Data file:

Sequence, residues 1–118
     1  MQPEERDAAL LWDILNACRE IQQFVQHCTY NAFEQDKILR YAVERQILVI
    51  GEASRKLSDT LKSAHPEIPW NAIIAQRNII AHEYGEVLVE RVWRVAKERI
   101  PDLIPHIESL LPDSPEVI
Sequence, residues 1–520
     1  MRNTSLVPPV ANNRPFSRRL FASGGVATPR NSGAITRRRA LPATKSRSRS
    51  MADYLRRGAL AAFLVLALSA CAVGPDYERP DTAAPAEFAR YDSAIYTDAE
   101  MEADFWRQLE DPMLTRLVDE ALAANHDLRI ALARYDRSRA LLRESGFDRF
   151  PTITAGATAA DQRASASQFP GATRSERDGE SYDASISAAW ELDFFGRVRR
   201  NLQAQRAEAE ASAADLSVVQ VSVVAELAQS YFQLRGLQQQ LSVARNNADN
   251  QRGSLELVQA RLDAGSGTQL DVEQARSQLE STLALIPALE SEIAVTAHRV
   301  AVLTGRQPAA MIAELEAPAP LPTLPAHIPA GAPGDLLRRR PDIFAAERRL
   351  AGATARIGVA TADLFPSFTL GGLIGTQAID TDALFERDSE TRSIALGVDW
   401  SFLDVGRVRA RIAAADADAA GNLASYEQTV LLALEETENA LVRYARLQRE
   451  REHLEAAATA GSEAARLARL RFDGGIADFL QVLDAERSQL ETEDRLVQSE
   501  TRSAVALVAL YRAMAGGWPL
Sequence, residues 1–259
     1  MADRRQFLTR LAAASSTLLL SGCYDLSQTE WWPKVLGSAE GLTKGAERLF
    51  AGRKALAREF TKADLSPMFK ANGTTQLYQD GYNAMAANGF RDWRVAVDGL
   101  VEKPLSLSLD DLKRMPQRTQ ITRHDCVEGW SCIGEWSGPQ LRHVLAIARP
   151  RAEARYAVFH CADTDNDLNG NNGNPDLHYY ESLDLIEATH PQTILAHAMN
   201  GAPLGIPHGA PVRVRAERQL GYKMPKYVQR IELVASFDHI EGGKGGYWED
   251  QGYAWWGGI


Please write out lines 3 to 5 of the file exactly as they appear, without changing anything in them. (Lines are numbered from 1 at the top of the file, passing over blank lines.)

    51  GEASRKLSDT LKSAHPEIPW NAIIAQRNII AHEYGEVLVE RVWRVAKERI
   101  PDLIPHIESL LPDSPEVI
Sequence, residues 1–520